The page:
Scout Cave

Interesting views to the south can be enjoyed from within the cave.

The Scout Cave trail is very popular with local hikers and committed bikers.  The southern portion is also used by equestrians. The trail can be accessed from the south via the Gila trail in Paradise Canyon or from the north via the Johnson’s Canyon or Kestrel trails.

The Paradise Canyon route to the caves may start from either the Gap trailhead via the Gecko and Paradise Rim trails or the Chuckwalla trailhead via the Chuckwalla and Beck Hill trails. A short distance from the beginning of the Gila trail at its junction with Beck Hill, visitors may take the unsigned Scout Cave trail (firm soil and/or rocky) to the left or the signed trail (soft sand suitable for equestrians) about 200 yards further north. The dirt and rocky, single-track trail heads west and up to the slick rock rim and continues for about 0.2 mile before it starts the descent down to the cave area. The first few hundred yards down are steep in places and very rocky throughout. The distance from the Gap trailhead  to the caves is about 2.5 miles with about 800 feet elevation change. The trail is of moderate to strenuous difficulty due to the steep, rocky sections. This section would also be a deterrent for most bikers and all equestrians.

The northern route is via the Johnson’s Canyon trail. About 0.5 mile from the Johnson Canyon trailhead on Snow Canyon Drive,  the Scout Cave trail takes off to the right and heads south over a large, lava bed. The singe-track trail is rocky (lava) until it drops down into the wash (about 1 mile from trailhead). After the drop, the sandy trail continues above or through the wash for about 0.5 mile and then heads east up a side wash to the caves. The distance from the trailhead to the caves is about 2.0 miles with an elevation change of about 850 feet. The lava rocks on the first half of the trail would be a challenge for bikers and is of moderate to strenuous difficulty for all other visitors.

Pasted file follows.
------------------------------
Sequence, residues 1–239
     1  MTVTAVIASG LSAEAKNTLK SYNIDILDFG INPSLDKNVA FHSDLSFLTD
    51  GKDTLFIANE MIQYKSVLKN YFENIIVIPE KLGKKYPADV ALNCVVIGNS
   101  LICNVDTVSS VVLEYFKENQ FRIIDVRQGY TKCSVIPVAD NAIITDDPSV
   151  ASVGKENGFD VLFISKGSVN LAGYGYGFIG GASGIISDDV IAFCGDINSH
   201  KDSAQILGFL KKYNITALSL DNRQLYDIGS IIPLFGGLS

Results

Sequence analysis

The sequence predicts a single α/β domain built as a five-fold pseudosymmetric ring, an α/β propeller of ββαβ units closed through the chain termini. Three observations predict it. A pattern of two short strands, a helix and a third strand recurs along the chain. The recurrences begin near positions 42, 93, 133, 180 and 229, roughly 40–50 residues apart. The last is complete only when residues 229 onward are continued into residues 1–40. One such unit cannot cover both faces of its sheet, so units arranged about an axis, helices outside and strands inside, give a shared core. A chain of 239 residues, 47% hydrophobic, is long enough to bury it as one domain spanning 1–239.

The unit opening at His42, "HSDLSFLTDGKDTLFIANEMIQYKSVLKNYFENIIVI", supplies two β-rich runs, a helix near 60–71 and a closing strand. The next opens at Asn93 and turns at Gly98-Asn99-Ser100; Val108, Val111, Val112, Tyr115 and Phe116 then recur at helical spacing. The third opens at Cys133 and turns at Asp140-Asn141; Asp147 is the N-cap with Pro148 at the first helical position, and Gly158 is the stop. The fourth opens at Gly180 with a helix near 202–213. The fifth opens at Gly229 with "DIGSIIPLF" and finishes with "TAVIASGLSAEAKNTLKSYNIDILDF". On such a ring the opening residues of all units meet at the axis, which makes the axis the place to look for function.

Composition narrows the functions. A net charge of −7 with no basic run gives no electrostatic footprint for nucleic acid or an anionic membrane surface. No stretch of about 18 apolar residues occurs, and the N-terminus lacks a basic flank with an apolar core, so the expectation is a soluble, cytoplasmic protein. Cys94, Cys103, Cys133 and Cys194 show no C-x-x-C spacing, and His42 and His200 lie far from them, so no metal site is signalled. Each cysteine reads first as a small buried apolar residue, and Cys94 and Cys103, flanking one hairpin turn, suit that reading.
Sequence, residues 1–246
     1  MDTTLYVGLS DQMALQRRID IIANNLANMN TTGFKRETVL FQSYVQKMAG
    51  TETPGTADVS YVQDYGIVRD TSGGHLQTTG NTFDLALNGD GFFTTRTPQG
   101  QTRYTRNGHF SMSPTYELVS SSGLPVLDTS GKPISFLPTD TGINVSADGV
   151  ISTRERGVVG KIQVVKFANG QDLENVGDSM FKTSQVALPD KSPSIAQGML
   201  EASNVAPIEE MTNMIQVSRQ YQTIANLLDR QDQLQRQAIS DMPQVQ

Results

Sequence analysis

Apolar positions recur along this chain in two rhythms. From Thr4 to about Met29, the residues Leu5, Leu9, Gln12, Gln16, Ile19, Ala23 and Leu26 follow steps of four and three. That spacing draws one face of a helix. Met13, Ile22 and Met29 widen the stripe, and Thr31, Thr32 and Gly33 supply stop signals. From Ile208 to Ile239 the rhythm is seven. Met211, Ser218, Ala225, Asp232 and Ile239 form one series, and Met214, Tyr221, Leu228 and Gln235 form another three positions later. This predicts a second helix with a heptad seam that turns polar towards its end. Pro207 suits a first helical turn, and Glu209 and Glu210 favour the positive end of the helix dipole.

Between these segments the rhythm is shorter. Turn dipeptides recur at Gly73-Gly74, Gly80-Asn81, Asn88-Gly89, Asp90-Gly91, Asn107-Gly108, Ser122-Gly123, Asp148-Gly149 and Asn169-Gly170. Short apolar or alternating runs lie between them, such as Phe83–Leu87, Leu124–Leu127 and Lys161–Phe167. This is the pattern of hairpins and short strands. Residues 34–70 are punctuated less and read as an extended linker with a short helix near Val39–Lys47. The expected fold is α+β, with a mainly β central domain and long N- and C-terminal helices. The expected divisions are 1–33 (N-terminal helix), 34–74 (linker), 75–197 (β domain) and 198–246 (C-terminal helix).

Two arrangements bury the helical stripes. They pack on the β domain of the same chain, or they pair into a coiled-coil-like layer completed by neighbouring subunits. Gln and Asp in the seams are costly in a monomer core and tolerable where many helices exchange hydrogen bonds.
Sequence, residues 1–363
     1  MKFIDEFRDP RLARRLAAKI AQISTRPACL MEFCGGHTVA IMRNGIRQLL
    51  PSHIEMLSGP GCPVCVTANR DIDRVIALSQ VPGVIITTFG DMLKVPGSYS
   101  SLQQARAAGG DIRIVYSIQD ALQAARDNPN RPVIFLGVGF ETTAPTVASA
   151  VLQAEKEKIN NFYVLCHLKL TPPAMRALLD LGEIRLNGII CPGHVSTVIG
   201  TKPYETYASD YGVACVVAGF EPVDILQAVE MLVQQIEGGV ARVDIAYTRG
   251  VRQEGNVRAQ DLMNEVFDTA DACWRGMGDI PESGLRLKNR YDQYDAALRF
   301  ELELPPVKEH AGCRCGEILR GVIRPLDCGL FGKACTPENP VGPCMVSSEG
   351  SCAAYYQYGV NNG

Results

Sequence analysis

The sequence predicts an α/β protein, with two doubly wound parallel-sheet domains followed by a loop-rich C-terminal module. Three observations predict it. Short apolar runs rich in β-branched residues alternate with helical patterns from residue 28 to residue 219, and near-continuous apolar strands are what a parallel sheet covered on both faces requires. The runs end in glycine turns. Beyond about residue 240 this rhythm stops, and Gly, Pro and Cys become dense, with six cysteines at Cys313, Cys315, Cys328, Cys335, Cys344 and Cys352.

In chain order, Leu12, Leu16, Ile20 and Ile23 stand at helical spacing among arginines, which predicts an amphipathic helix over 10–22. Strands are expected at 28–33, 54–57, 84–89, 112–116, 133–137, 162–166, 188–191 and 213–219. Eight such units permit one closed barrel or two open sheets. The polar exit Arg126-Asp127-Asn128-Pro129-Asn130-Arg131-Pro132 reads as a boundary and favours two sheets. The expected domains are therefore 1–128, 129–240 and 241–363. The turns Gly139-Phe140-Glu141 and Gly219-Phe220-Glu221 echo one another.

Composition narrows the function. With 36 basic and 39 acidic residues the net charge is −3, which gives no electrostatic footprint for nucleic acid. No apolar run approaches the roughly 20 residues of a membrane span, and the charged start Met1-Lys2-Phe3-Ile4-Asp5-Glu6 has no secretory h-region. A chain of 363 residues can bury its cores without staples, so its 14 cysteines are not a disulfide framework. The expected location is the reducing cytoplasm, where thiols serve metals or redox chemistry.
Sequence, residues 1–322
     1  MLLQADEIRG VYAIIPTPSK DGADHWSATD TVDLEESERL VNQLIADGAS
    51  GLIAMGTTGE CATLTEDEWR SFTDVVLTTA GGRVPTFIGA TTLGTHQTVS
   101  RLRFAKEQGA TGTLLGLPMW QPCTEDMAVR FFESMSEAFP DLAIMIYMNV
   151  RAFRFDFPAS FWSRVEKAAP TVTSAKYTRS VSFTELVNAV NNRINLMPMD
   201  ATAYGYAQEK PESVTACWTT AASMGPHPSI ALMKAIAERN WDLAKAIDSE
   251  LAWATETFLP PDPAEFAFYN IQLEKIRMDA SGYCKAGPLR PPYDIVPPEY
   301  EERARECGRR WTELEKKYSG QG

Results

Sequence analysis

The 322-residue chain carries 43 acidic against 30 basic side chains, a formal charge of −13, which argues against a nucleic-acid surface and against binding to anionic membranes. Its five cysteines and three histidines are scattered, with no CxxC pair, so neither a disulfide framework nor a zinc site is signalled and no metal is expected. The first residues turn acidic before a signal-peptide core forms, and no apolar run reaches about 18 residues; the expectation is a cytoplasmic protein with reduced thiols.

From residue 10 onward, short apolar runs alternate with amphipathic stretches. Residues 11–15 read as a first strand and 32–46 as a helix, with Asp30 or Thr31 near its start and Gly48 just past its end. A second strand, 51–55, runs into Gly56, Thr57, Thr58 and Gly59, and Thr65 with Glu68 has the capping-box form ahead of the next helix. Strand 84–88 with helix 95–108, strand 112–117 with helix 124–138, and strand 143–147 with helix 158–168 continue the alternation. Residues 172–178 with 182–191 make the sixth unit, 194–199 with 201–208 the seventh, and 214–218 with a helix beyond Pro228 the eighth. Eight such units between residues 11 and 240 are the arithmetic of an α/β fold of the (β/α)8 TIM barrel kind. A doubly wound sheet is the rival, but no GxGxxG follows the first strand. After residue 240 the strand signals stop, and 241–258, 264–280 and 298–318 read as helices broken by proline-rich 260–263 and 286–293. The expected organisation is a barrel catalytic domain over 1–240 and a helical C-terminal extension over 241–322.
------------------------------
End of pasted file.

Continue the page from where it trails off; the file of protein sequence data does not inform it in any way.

The entire trail may be hiked from end to end with the use of a shuttle or a long loop hike using city trails outside the Reserve/NCA. Total elevation change is about 1650 feet. The northern trailhead is about 100 feet higher than the southern. Both routes provide nice views from the rims and of the spectacular red sandstone cliffs along much of the trail.  The caves are interesting formations to explore and require rock scrambling to enter.  Please respect the environment throughout the trail and in the caves by carrying out all refuse and litter.